Published on February 18th, 2012 | by Bryant West, Columnist0
2012 NBA Draft Prospect Stock Watch: Bradley Beal
Name: Bradley Beal
Hometown: St. Louis, MO
Physicals: 6′ 4″, 205 lbs, 18 years old
NBA Position: Shooting Guard
Current Stats: 14.3 PPG, 6.2 RPG, 2.0 APG, 2.2 TPG, 1.3 SPG, 42.6% FG, 75.8% FT, 32.8% 3P
Florida guard Bradley Beal was rated pretty dang high entering the season, but he’s fallen a bit thanks to some inconsistent play on his part. While the court competitiveness and overall skills for Beal is unquestioned, he’s shooting just 42.6% from the field this season and isn’t wooing with his efficiency.
In his defense, he is playing next to two very ball dominant guards, Erving Walker and Kenny Boynton Jr., but the low shooting percentage is making him fall a bit on the draft boards. He’s a very capable shooter and there is little doubt that he will improve as time goes on, but he may need another year in college to prove it.
Beal is a well-rounded scorer and can get to the basket, but he is a bit of a tweener and his bread-and-butter is obviously the pull up. He’s got an excellent array of shooting moves though, and has the quickness necessary to make the stop-and-pop pretty dangerous. His high basketball IQ really shines on the offensive end and even though his shots aren’t falling this year you can see the potential.
Beal reminds a lot of scouts of Ray Allen or Eric Gordon because of his skill set, but I’m a little hesitant of the Allen comparison because Beal isn’t as efficient a shooter yet as Allen was as freshmen. His first year at UConn, Allen averaged 12.6 points a game, and while Beal is relied upon more than Allen was his freshman year, Allen shot a ridiculous 51% from the field.
Beal isn’t, at least right now, close to as efficient a shooter or a scorer as Allen was, but the Gordon comparison is spot on. In Gordan’s one year in Indiana, he averaged 20.9 points a game on 42% shooting, but he really picked up that efficiency in the NBA when he shot 45% (and 38.9% from downtown) his rookie year for the Clippers.
There is no reason to think that Beal can’t also improve his field goal percentage with time. While he may never be as legendary a shooter as Ray Allen, a slightly-less-talented-Eric-Gordon seems very reasonable.
While he shouldn’t ever be relied upon soli to play the point, Beal can certainly handle the ball and does for a good amount of time at Florida. He’s a very unselfish player, has a very high basketball IQ, and makes some very smart passes, although his ball handling will need to improve at the pro-level.
Body wise, he doesn’t have much to worry about but he isn’t going to wow anyone either. While Eric Gordon was deceptively athletic, Beal will be about average for his position in the NBA. He’s certainly not small—6’4” is about the average for a shooting guard, and he’s decently sized at 205 pounds—but his wingspan is just 6’7”, slightly below average.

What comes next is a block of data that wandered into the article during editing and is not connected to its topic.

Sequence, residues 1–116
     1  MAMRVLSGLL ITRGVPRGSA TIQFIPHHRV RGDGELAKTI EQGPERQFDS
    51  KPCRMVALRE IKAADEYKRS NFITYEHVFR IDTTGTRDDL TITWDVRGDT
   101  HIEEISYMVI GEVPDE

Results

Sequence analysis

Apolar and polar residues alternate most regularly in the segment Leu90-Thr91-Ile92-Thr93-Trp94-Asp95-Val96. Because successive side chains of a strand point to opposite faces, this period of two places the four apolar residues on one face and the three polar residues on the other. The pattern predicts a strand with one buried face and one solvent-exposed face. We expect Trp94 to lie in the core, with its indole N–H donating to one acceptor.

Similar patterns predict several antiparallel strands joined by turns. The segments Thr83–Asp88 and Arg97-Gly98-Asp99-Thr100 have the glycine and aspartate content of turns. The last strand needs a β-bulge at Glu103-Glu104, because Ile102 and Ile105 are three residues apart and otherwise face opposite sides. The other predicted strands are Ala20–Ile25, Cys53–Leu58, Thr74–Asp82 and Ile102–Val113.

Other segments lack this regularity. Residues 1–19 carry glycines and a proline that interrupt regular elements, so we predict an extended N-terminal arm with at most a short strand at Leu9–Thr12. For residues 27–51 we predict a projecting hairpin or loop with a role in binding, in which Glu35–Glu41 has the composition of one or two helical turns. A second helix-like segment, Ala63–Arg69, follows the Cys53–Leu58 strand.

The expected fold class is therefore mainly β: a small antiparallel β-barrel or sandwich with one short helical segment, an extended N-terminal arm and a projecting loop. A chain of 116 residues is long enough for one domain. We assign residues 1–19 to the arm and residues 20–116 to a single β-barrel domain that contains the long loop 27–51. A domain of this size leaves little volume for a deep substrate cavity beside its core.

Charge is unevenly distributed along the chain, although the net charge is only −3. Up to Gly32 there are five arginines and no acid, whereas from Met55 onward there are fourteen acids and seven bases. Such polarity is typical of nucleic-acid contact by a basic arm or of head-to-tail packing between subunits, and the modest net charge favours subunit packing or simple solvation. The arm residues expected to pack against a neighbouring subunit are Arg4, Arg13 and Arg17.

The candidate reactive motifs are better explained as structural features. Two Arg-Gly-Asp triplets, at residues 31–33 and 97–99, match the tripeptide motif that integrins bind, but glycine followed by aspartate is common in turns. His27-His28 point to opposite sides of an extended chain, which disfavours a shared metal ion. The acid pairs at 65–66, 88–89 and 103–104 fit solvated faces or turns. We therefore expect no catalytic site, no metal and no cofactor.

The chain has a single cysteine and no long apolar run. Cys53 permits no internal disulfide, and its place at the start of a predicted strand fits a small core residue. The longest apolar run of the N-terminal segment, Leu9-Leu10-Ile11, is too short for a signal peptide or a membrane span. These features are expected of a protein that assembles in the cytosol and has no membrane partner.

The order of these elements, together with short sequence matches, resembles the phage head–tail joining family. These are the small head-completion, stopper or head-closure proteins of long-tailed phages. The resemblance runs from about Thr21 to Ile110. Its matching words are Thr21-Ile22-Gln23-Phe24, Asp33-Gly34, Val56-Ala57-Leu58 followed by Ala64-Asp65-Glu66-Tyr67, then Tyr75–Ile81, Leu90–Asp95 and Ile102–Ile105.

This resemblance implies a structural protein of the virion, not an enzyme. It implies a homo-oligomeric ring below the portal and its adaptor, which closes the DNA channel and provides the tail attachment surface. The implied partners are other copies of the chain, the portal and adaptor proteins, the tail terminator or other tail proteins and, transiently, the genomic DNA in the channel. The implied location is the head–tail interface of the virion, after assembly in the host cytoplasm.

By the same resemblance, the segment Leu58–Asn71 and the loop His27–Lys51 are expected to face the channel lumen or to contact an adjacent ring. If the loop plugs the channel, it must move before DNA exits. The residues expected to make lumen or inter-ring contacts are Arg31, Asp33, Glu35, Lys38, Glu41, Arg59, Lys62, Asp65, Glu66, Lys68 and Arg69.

He’s a very solid defender and his competitiveness and court intelligence will help him overcome any physical limitations in the NBA. He’s a good thief, as evident by his 1.3 steals a contest.
Draft Watch: As I mentioned in my article about UConn’s Jeremy Lamb (seen here), Lamb and Beal will be battling for the top shooting guard spot in the class of 2012, should they both leave school for the draft. The major scouting sites are all split on the two—ESPN’s Chad Ford ranks Beal at 8th and Lamb at 10th, where as DraftExpress has Beal at 10th and Lamb at 12th. NBADraft.net has Lamb at a ridiculously high 5th with Beal at 8th.
I believe that if both players entered the league this year, Lamb would be more NBA ready, but Beal has the higher potential. Lamb comes with questions about his leadership and his drive to succeed—Beal has no such limitations. Yet where Beal is somewhat limited physically, Lamb has no such limitations. It’ll be very interesting to see how NBA teams work the two guards out come time for the draft.
One benefit that Beal has over Lamb is his willingness as a passer, and while he won’t be a NBA point guard his unselfish play may be a selling point. Lamb has a tendency to force some bad shots and doesn’t look at much for the pass, where Beal is anything but a ball-hog.
Phoenix seems a logical fit for Beal, where he could learn from Steve Nash, one of the best shooters/passers in the game. The Suns lack any talent on the wings, and with Beal’s potential, he could be an excellent selection should he improve his shooting efficiency.
Cleveland would be another good fit, where Beal could slide right on in next to Kyrie Irving. Irving is excellent at slashing to the basket, and with Beal’s shooting potential he’d be an excellent weapon and his competitive streak would fit in right with Irving. The combo would be an excellent one-two guard punch for the rebuilding Cavaliers.
A final fit could be New Orleans, especially if the Hornets think they will be losing Eric Gordon in free agency. The Hornets own the Timberwolves pick, which figures to be late lottery, and they need talent wherever they can find it. If they could snag Beal at around picks 12 through 14 it would be a very nice steal.
Overall, I wouldn’t be surprised to see Beal go back to college and not enter the 2012 draft. He’s got the potential to go higher in a less-stacked draft, and if he improved his shooting percentage he could go a lot higher in 2013. But he also has to consider that the class of 2012 is mainly bigs, and if he goes into the draft this year, he’d be one of the few wings and that may benefit his positioning.
Conclusion: While he is hardly the most efficient scorer, his potential as a shooter is very high and with his strong competitive nature and excellent basketball IQ he’ll make a very solid wingman in the NBA.